As I have talked about the over the years, I hear the same refrain echoed over and over again – higher education’s strength lies in its ability to ignore fads and whims, and just keep going as it has always gone. A millennium of achievements can’t possibly be wrong.

How wrong they are. A big part of the strength of higher education today lies in its ability to absorb change and make it a part of what it is. Universities have not always done research. In the thousand years history of HE, research is merely a 150 year old phenomenon that didn’t take firm root until a mere 6-0 – 70 years ago. The massification of HE is only about 50 years old. HE has changed dramatically over the centuries to embrace new activities and ways of doing things. It may survive this fundamental shift, but I’m unsure, given the power of the entrenched interests.

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Conformity and Education

I have written before about the drive for conformity in education. Given the massification of education which has led to huge classrooms with, literally, hundreds of students being taught, conformity is essential. It has become, unabashedly, one of the central and core tenants of education. When I wrote about conformity three years ago, I focussed on the loss of creativity in the learning process. However, I now believe that there is a much greater cost to our society than the simple loss of creativity. I now believe that the greatest cost that society bears as a result of the enforced conformity from the youngest to the oldest students in education is a personal tragedy borne by, literally, millions of students and former students.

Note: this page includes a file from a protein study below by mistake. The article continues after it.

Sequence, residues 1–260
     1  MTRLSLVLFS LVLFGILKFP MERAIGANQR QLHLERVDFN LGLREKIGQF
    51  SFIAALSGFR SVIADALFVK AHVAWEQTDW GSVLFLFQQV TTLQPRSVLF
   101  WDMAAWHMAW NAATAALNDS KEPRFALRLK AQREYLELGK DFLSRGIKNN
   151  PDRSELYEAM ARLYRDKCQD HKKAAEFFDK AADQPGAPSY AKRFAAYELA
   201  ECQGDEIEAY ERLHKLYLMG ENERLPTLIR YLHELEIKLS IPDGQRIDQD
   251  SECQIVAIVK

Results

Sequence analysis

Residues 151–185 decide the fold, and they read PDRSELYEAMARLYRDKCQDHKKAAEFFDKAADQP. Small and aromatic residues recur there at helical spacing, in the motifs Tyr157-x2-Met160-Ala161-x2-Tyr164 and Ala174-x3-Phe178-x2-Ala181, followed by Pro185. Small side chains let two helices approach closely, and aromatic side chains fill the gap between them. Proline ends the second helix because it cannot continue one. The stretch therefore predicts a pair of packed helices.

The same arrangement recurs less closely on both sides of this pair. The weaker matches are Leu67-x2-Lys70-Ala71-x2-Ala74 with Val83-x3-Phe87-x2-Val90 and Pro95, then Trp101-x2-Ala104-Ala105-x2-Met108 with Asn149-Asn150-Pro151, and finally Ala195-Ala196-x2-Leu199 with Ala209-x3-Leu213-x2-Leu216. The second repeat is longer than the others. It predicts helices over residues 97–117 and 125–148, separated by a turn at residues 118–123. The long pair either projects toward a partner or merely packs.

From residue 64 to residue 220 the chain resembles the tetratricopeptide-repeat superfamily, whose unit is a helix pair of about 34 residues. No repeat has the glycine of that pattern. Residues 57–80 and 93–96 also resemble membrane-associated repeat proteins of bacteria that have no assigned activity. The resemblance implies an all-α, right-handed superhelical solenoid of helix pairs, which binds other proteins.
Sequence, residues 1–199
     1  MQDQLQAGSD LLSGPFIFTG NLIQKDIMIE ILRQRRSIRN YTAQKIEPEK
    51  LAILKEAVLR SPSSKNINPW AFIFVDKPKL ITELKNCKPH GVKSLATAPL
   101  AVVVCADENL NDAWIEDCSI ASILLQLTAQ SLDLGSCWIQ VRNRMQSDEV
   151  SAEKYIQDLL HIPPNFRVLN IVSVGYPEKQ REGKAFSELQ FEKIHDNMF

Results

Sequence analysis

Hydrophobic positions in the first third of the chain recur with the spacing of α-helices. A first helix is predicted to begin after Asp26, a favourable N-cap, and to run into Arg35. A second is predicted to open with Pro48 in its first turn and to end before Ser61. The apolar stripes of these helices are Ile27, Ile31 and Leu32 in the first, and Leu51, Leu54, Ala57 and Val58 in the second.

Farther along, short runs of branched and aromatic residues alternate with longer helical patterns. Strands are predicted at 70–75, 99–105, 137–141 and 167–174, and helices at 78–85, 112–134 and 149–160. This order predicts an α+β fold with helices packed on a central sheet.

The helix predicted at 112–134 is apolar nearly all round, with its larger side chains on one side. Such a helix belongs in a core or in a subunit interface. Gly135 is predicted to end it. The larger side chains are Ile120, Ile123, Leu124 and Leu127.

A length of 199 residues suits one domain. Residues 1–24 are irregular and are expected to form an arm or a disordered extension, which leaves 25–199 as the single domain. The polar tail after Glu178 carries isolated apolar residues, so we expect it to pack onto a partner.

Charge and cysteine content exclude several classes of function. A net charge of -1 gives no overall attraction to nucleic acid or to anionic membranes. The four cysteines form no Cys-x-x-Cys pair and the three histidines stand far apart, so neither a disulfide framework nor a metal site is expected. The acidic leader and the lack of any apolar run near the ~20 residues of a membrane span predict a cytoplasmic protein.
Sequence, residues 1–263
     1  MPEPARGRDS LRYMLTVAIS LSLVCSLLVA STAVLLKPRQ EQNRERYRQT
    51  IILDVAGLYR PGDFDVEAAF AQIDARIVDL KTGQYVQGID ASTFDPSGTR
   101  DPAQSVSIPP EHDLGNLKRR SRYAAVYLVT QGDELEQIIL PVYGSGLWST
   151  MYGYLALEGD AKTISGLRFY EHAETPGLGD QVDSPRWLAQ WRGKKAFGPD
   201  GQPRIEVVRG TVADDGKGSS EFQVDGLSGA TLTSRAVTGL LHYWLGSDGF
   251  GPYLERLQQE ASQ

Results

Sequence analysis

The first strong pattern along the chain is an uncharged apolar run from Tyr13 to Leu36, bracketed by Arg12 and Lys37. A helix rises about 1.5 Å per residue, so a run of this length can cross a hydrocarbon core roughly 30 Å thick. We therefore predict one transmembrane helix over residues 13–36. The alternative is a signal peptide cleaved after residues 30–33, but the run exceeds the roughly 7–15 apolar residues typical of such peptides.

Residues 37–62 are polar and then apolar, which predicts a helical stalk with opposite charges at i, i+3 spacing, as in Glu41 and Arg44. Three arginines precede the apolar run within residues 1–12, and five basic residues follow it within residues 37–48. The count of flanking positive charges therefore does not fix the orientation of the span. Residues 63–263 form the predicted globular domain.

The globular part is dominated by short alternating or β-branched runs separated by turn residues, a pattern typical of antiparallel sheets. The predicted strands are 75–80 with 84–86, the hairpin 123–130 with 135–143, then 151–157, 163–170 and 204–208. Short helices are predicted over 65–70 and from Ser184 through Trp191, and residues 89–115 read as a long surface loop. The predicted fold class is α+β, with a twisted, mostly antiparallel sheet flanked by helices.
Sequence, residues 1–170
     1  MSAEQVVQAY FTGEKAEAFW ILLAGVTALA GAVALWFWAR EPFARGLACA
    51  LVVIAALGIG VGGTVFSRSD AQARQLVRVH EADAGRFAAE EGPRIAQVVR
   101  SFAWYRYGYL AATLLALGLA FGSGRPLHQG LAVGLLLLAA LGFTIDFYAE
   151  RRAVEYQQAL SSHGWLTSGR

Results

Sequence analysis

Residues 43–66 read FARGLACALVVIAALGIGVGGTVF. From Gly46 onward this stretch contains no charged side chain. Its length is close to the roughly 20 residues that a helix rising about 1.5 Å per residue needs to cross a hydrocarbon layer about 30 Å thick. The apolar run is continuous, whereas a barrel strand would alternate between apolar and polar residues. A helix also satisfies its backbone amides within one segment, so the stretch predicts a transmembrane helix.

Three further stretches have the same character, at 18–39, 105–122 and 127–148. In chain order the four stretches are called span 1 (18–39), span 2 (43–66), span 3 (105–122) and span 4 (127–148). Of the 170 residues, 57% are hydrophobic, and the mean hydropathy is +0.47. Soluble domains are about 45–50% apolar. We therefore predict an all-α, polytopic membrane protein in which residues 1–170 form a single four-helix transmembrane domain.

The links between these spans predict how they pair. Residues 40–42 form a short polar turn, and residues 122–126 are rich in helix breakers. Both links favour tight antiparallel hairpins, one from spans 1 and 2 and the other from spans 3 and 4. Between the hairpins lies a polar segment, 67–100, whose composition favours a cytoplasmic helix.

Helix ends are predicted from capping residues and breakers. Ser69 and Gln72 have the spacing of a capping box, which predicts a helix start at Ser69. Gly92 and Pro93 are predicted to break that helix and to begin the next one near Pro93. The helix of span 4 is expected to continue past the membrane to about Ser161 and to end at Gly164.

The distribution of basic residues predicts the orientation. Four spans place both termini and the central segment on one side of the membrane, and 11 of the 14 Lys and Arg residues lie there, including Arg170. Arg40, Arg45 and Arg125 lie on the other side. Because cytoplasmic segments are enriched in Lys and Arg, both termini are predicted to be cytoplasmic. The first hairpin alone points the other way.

That students of all shapes and sizes are forced into a mold by the educational “system” is without disagreement. Students, at least for a significant portion of their studies, are forced by law to submit to education. Bells, rows, uniforms (often), silence, a learned horror of mistakes – all of these things (and more) make up the experience of the majority of learners throughout school, primary, secondary, and to some degree, tertiary. In the world we live in, the non-educational option has been all but closed off. There is no longer any choice – everyone must get an education, and the more the better.

What is the personal cost of this kind of enforced conformity? The only other societal institution that compares is the prison system. We force all of our children and a large proportion of our youths and young adults to endure between 12 and16 or even 20 years of absolute conformity. What is the cost to individuals of such a prolonged, legally enforced conformity?

I asked a colleague who is a clinical psychology researcher what he thought the cost of prolonged, enforced conformity would be to an individual. He thought that the first thing to suffer would be a person’s sense of self – it would be seriously diminished if the period of time were long enough. He then said the, if the person had a genetic predisposition for serious mental health problems (anxiety, depression etc.) that prolonged conformity would likely be a good environmental trigger to bring on these serious mental health problems.

I checked into the literature on prisons, and there are many mental health researchers who believe that the conformity and loss of freedom that occurs with a prison sentence is more than enough to bring on mental health problems if a person is susceptible to them. I now believe this is the greatest cost our society must carry because of the drive for ever more conformity in education.

Martin Seligman, while president of the American Psychological Association made this observation. “We discovered two astonishing things about the rate of depression across the century. The first was there is now between ten and twenty times as much of it as there was fifty years ago. And the second is that it has become a young person’s problem. When I first started working in depression thirty years ago… the average age at which the first onset of depression occurred was 29.5… Now the average age is between 14 and 15. (1998)”

First onset of depression between 14 and 15! What are we doing to our children. Anyone who knows someone with a serious mental health issue knows of the pain and suffering that accompany these problems.